But just imagine how much cooler the finishing moves (and the movesets altogether) would be if they went by Def Jam physics! Punches and kicks would sound more painful, and slams and throws would give off a more thunderous vibe. You wouldn't be limited to the laws of physics, so your unarmed skills could increase tenfold, not to mention matches would go by much faster and would generally be more exciting.
It wouldn't stop there, either. You could create your own battlegrounds (like a spruced-up ring, a UFC-like octagon cage, or maybe even an outdoor environment editor) to brawl at, as well as entrance animations and videos for ringside battles. Character customization would be influenced mostly by the WWE games, although they could tidy it up a notch so your character doesn't end up looking like a giant rock formation like he starts out in WWE '12. I'm not good with storylines, so I won't get too deep into that, but maybe they could have some kind of generic tournament thing or underground fight club deal like they did in Fight for NY. Match types could be a mix between FFNY and WWE, with pinfall matches being mixed in with K.O.-only matches, where you can only win a fight by performing a Blazin' Move on an opponent with low health (or just a really powerful move in general), which ends up knocking them unconscious.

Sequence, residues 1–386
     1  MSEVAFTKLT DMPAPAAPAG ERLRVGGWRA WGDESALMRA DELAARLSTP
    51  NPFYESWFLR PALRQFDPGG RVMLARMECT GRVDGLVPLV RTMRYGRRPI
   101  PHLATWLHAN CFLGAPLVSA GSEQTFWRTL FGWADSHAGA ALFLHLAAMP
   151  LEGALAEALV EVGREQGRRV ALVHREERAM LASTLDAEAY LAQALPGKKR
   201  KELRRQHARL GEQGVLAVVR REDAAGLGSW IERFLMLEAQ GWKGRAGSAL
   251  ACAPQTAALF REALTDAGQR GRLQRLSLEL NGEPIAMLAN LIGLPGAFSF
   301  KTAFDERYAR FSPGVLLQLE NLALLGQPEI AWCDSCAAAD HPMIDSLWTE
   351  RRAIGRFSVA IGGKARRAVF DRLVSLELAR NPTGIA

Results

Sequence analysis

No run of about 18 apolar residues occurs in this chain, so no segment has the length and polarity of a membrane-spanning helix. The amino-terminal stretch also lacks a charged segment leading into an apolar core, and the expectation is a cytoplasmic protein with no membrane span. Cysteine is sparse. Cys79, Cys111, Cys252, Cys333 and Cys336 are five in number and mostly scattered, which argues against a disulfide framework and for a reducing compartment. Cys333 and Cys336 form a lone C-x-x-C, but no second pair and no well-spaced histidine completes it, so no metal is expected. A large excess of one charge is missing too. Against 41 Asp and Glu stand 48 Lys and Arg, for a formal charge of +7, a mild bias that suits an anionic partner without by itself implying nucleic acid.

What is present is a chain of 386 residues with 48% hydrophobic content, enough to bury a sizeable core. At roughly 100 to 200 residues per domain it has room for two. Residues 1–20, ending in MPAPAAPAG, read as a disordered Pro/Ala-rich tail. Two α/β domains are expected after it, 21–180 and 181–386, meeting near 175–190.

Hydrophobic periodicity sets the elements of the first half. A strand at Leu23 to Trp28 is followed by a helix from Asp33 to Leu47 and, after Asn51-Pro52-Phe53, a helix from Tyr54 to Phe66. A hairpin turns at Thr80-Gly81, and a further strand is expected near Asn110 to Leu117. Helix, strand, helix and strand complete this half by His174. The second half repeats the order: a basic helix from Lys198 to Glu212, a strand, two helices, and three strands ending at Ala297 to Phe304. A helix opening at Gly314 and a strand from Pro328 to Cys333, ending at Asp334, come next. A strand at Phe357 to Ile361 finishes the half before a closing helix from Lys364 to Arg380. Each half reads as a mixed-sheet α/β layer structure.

Don't get me wrong, WWE '13 is shipping up to become a neat package (the roster is damn impressive, and the stage editor sounds pretty cool as well), but I think THQ and Yuke's could learn a lesson from the old Def Jam fighters. WWE All-Stars was a step in the right direction (although I'm not particularly sure if there was customization in that game), but it felt pretty much like a kid's game through and through, and the physics in that game made me feel like the game took place on the moon or something. I think if WWE was to tread the middle ground, which to me is the Fight for NY-style gameplay, it could turn some heads and get awesome reviews. But then again, that's coming from a guy who isn't an avid WWE fanatic, so I might not know what I'm talking about.
What are your guys' thoughts?